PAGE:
Rising rates creating increasing dilemma for homeowners

The interest rate dilemma has arrived again for homeowners.

What once was a no-brainer decision, locking in your mortgage rate for five years or even 10 years, now has a question mark attached to it.

Canadians end up paying off their mortgages in about two-thirds of the time originally intended, according to a new survey which questions whether Ottawa’s crackdown on the real estate market is needed.

Blame the U.S. federal reserve for easing up on its bond buying program. Bond rates have climbed fast and mortgage rates are just following.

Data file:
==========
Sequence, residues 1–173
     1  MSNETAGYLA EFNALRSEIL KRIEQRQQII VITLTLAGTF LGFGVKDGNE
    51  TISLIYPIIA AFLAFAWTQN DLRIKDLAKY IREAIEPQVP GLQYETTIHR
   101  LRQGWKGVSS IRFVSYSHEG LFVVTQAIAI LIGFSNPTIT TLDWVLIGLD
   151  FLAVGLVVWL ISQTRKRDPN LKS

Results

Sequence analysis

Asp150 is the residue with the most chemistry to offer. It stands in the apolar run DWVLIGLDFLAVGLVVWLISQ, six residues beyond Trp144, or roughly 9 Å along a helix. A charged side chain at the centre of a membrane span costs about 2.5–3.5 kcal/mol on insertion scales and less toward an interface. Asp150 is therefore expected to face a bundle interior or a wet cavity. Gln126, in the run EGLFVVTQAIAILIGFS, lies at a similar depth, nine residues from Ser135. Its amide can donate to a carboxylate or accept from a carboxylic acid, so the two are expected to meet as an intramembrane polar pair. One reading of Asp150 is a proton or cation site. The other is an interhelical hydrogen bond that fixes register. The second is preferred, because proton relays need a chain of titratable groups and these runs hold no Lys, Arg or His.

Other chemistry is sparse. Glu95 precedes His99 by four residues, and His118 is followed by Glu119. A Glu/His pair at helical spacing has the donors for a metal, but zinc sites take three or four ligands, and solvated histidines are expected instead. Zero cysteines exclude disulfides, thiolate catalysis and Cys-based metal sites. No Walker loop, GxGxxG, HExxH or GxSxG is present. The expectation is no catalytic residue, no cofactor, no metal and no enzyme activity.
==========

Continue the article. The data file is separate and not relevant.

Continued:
Variable rate mortgages, which track prime and are vulnerable to Bank of Canada decisions, are still being offered at about 2.6% for five years. But instead of competing with a 3% fixed rate five-year close mortgage, the competition is a 3.5% product.

It may be just 90 basis points but on a $500,000 mortgage, that’s not small change. Based on a 25-year amortization and $500,000 mortgage, the 2.6% variable would mean monthly payments of $2268.35 and about $60,000 in interest on a five-year term.

The 3.5% product means a monthly payment of $2496.36 and about $81,000 in interest over the term.

Once again it’s the first-time buyer, who is on the edge of being able to crack this market, squeezed out.

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